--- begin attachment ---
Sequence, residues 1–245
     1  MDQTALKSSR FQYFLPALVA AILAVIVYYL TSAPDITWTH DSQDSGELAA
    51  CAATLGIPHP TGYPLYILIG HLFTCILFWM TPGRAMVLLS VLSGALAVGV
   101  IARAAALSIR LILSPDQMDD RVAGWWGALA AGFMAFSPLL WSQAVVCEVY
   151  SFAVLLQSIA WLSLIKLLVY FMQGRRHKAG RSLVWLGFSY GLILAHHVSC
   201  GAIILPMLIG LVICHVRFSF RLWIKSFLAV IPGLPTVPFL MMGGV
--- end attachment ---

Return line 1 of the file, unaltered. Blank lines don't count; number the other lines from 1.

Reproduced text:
Sequence, residues 1–245